In a book of poems I wrote and released in 1994, “I Cry For a People; In Their Struggle for Justice & Equality” one of the poems was written expressly for my husband, Neal. The title of the poem is “That Twinkle in Your Eyes”, which follows:

 

“That Twinkle in Your Eyes”

                   By Juanita Bratcher

 

I’ve looked in your eyes

For many, many years

Sometimes I saw smiles

Other times I saw tears

Sometimes I found anger

And yes, there was sadness

Oftentimes there was joy and untold gladness

But that twinkle in your eyes was always there

A symbol of the love we will always share

In your eyes I’ve seen grief

Other times they were bright

Sometimes there were mixed signals

Other times sheer delight

Sometimes there was patience

And impatience too

Your eyes said it all

About your feelings and you

But that twinkle in your eyes was always there

A symbol of the love we will always share

Your eyes said it all

Whether they were clear or red

There was something about them

And the secrecy they shed

Sometimes they sent a message

So concrete in thrust

And with the bat of the eyes

The message could instantly adjust

But that twinkle in your eyes was always there

It was a symbol of the love we will always share

When Neal read the poem he was elated. After his death in 1997, the lyrics were turned into a record. It was beyond my wildest imagination. And I wished that Neal was here to hear the song. But the card, artificial flowers, the empty candy box and the song – written by me – are memories that will be a part of my life forever.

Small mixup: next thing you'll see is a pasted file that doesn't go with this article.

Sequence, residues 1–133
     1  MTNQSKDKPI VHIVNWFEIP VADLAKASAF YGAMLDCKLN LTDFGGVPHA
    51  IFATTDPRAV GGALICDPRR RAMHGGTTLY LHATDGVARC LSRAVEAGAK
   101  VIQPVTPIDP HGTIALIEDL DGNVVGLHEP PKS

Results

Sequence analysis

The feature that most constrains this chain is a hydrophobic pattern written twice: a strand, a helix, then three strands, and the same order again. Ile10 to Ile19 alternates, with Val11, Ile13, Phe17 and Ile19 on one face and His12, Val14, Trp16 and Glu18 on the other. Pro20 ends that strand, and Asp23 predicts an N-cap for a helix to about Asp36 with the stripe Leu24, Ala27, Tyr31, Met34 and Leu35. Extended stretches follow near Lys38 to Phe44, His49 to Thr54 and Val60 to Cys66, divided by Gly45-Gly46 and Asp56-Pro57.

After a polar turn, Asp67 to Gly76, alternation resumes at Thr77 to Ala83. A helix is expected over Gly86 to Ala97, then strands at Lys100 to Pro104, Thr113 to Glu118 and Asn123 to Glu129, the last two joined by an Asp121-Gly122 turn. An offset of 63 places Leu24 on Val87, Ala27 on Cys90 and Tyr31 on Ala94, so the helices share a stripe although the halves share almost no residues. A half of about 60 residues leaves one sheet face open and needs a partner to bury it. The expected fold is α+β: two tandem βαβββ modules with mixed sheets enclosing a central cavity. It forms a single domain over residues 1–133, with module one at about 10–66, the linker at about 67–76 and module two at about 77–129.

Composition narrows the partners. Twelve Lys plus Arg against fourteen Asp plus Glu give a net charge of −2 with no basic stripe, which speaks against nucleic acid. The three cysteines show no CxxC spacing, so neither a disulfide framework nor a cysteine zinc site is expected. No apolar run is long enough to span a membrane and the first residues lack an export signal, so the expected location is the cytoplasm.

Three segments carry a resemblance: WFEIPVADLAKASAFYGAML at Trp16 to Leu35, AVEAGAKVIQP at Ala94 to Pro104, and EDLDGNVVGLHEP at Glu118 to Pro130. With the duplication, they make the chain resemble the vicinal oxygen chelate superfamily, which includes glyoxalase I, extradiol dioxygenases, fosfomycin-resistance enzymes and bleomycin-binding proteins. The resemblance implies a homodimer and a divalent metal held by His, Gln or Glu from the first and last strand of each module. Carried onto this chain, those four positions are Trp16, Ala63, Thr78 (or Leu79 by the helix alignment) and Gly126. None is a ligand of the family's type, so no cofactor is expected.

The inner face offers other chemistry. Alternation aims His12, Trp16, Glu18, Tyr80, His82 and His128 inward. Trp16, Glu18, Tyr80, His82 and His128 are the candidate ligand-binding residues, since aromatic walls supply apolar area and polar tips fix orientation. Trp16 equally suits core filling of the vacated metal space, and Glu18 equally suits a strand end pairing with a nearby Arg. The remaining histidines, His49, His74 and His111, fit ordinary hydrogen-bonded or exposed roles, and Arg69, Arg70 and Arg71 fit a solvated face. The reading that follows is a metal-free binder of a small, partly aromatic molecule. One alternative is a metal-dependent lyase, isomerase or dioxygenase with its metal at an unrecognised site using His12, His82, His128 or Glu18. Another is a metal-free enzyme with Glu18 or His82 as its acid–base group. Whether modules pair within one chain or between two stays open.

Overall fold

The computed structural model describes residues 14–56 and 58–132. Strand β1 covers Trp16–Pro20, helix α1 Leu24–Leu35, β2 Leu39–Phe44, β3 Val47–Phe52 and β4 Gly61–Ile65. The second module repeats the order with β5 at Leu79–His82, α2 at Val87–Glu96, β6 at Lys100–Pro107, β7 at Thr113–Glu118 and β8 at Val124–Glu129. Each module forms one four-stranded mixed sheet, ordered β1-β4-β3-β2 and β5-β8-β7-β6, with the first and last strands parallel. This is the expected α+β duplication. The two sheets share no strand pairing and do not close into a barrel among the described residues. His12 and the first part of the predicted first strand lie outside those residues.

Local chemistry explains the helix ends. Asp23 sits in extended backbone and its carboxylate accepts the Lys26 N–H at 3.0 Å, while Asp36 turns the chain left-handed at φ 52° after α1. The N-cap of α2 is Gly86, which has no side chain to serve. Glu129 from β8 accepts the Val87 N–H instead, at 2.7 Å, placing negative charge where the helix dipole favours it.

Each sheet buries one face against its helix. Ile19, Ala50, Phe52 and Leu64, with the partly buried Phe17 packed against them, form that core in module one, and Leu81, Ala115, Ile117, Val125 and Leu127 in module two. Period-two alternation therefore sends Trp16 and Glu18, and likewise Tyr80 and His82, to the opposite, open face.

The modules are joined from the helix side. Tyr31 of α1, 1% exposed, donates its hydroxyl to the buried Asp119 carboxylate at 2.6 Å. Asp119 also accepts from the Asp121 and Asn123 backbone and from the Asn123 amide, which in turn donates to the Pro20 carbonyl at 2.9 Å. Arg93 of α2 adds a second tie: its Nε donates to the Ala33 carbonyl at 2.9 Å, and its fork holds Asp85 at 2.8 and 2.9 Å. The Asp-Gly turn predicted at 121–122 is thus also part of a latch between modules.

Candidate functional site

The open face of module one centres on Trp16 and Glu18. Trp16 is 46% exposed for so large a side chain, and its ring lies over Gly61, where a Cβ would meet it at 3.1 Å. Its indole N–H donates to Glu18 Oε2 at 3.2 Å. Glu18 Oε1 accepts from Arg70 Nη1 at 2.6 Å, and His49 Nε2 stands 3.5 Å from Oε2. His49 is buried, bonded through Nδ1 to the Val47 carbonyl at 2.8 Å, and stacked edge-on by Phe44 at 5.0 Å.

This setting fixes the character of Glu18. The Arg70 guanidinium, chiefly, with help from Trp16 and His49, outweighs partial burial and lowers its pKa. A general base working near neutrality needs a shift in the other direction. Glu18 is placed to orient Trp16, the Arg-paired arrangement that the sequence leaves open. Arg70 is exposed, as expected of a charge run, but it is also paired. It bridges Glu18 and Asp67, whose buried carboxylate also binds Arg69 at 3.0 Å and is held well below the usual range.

Great memories are made of this. They will always hold a special place in my heart…even in death.

Here are some of my favorite love songs: You can hear them all on Youtube.com.

Love Will Conquer All – Lionel Ritchie

Have I Told You Lately That I love you? – Rod Stewart

Neither One of Us – Gladys Knight

I Will Always Love You – Whitney Houston

You Are So Beautiful To Me – Joe Cocker

Happy Valentine’s Day to all; and may you always have a “genuine everlasting love” in your relationships and marriages.

Juanita Bratcher is the Publisher of www.copylinemagazine.com, the author of several books, songwriter and poet. She has been a Journalist for more than 37 years covering politics, education and a wide-range of other topics. 

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Welcome to CopyLine Magazine! The first issue of CopyLine Magazine was published in November, 1990, by Editor & Publisher Juanita Bratcher. CopyLine’s main focus is on the political arena – to inform our readers and analyze many of the pressing issues of the day - controversial or otherwise. Our objectives are clear – to keep you abreast of political happenings and maneuvering in the political arena, by reporting and providing provocative commentaries on various issues. For more about CopyLine Magazine, CopyLine Blog, and CopyLine Television/Video, please visit juanitabratcher.com, copylinemagazine.com, and oneononetelevision.com. Bratcher has been a News/Reporter, Author, Publisher, and Journalist for 33 years. She is the author of six books, including “Harold: The Making of a Big City Mayor” (Harold Washington), Chicago’s first African-American mayor; and “Beyond the Boardroom: Empowering a New Generation of Leaders,” about John Herman Stroger, Jr., the first African-American elected President of the Cook County Board. Bratcher is also a Poet/Songwriter, with 17 records – produced by HillTop Records of Hollywood, California. Juanita Bratcher Publisher